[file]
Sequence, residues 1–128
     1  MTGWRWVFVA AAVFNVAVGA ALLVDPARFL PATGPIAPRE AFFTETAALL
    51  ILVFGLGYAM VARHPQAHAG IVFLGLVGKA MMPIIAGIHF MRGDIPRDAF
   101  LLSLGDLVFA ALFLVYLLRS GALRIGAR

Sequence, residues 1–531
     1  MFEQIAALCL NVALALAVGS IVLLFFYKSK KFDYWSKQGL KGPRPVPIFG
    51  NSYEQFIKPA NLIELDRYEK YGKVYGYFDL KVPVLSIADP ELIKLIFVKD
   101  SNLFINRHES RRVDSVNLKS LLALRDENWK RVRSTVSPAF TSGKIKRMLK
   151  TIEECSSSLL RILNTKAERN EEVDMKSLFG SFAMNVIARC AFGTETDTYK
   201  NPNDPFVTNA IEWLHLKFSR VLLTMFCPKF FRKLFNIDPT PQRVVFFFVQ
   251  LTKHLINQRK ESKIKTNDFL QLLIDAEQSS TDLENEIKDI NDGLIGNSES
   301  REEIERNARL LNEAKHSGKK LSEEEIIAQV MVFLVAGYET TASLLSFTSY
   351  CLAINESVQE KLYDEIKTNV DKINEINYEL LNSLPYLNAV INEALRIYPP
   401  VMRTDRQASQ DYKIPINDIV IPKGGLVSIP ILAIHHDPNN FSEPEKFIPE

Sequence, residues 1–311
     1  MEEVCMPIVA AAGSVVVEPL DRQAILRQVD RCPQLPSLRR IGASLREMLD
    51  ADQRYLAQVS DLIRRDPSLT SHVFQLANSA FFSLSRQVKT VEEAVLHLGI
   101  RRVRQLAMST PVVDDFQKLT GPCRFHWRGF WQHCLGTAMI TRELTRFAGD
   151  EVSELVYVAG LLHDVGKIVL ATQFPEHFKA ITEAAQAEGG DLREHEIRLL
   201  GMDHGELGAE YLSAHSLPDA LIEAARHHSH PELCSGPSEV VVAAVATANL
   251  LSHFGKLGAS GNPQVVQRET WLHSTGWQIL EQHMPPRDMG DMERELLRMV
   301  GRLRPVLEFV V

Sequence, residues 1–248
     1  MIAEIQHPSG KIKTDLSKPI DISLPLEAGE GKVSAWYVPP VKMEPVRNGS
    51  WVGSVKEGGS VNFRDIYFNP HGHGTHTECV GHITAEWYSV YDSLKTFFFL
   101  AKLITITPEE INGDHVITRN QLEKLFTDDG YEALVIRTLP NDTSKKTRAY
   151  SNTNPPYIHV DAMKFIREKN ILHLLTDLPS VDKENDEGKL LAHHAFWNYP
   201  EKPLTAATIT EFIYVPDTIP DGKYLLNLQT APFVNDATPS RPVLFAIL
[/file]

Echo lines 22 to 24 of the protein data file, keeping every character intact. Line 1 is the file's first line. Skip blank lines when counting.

   301  GRLRPVLEFV V

Sequence, residues 1–248
     1  MIAEIQHPSG KIKTDLSKPI DISLPLEAGE GKVSAWYVPP VKMEPVRNGS